The browser was fast. Over 3G it loaded pages faster than on most other devices we’ve tested and over WiFi it was almost unparalleled.
Of course the browser also benefitted from the large display that allowed both text and images to be viewed clearly without cramming too much information in to a small space.
We did encounter one small issue with in-browser zooming. The first time we powered the Galaxy Note up pinch-to-zoom and Samsung’s patented tilt-to-zoom worked fine. However, after reformatting the Note and setting it back up again zoom no longer worked in any form within the browser. We found this curious and couldn’t find mention of it anywhere else on the internet. If anyone else out there is having the same problem we suggest reformatting your phone and hoping for it to come out the other side working properly.
When zoom did work it worked quite well, although not perfectly smoothly. Due to the moderately impressive pixel density of 285ppi text was still sharp at full zoom and pictures still came out well.
Switching between tabs could sometimes see a bit of lag, but for the most part it was hassle free. The added perk of switching between tabs by zooming out when you were already fully zoomed out was a nice touch and really made tab switching much easier. This ability still functioned even when pinch-to-zoom was mysteriously unavailable.
Camera and Battery Life
The 8MP camera of the Samsung Galaxy Note wasn’t anything special. It wasn’t terrible, but we certainly weren’t wowed by it, either. It took good photos on well-lit days and dropped in quality as lighting levels dimmed. Photos with flash came out a little intense, with each photo concentrating way too much on the foreground, even more so than most digital cameras. Flash also caused a fair bit of discolouration, leading to photos with a bright bluish-white centre of focus that left everything else in comparative darkness.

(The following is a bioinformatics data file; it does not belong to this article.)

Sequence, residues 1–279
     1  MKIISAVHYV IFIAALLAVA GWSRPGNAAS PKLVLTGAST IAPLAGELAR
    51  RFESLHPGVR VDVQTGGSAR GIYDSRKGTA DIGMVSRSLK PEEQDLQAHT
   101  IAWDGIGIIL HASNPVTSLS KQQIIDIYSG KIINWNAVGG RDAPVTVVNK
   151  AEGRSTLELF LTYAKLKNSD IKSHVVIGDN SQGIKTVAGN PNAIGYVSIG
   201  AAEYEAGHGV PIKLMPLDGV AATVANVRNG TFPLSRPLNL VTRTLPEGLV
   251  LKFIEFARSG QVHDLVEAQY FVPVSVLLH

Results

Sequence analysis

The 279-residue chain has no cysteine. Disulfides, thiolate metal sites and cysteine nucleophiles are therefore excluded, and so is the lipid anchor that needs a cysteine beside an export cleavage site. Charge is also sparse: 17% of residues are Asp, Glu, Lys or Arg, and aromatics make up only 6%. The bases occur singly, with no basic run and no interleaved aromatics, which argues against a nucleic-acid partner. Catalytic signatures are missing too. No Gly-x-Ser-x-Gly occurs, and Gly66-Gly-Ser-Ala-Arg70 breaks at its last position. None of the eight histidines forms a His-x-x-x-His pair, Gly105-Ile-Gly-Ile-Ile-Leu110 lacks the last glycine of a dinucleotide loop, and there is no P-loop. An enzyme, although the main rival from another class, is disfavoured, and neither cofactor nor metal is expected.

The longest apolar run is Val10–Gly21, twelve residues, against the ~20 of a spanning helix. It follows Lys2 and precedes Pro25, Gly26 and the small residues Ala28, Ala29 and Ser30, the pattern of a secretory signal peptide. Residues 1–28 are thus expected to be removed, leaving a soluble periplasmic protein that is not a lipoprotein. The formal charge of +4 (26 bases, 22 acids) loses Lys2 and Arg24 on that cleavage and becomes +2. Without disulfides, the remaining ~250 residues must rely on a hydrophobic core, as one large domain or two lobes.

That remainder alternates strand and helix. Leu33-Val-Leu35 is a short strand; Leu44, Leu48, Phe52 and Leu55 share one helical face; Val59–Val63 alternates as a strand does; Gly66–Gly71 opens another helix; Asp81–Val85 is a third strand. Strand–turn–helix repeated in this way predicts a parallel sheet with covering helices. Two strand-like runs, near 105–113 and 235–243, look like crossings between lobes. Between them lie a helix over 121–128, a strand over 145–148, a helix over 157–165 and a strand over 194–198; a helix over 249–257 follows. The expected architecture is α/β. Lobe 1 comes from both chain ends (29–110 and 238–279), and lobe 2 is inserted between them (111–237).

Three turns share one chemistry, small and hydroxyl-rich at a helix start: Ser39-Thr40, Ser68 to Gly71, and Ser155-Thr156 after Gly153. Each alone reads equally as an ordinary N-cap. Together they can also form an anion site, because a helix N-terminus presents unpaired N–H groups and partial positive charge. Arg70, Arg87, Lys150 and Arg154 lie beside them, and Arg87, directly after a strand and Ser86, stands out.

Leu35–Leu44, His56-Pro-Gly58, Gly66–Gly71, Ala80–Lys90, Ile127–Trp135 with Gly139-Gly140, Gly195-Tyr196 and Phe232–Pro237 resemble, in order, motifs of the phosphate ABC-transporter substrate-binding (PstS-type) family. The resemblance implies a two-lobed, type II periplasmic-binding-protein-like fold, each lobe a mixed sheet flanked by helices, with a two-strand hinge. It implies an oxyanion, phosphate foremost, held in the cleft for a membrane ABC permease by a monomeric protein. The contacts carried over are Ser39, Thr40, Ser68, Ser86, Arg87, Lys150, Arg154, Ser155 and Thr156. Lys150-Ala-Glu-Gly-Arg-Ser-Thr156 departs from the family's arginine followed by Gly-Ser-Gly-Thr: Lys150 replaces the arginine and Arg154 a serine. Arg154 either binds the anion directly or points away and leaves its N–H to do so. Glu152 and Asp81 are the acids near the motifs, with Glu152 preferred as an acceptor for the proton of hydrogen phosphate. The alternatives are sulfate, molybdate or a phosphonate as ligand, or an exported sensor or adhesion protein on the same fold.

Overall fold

We’d rate the video capture similarly. Once again during the day it was find and it became less usable as the sun went down. It captured movement at a distance fairly well, but struggled with fast, up-closed movement. This is very standard of a device from the Galaxy Note’s time of release and price-range.
Battery life was surprisingly great. We never once ran out of juice in the middle of the day, even when using apps fairly intensely. Once we deleted most of the superfluous Home Screen widgets that battery life extended even further, with us usually finishing the day with a third of the battery left or more. This was a definite relief, as we expected the larger screen to be a significant power drain.
The WhistleOut Opinion
The Samsung Galaxy Note is a solid device with a well thought-out concept aimed at some more specific areas of the market. It’s not a device for anyone, but folks after a more media and internet-centric experience on a device where phone calls are a secondary or tertiary concern should definitely give some thought to the Note.
The S-Pen was fun and useful, although we’d like to see its accuracy improved with the GNote 2, as well as the ability to tap the capacitive buttons with the pen.
The intimidating size will be enough to throw off more than a few potential buyers and with good reason. While the Note is surprisingly un-cumbersome, it can still be a burden at times. Those of small stature, or of tighter pants will find easy use and comfort to be issues.
However, anyone with large enough hands, or who’s more than happy to use both hands with their phone, shouldn’t have a problem.
All up the Samsung Galaxy Note is a great device and we can see how it’s managed to have the impact on the industry that it has. Would we suggest grabbing one? Probably not right now. The only reason for this is that the Galaxy Note 2 should be out by the end of the year (we’re hoping for a September/October announcement), so there’s not too long to wait until either prices drop or a better option is available. You also, like us, may find yourself in a position where you cannot upgrade the Note to ICS, which is a pretty big issue that should hopefully soon be resolved.
Of course, if you can’t wait and you’re willing to take the Note’s drawbacks and potential issues in your stride then go ahead. We honestly loved the Note and we’ve been left extremely eager to see what Samsung has in store for us with its successor.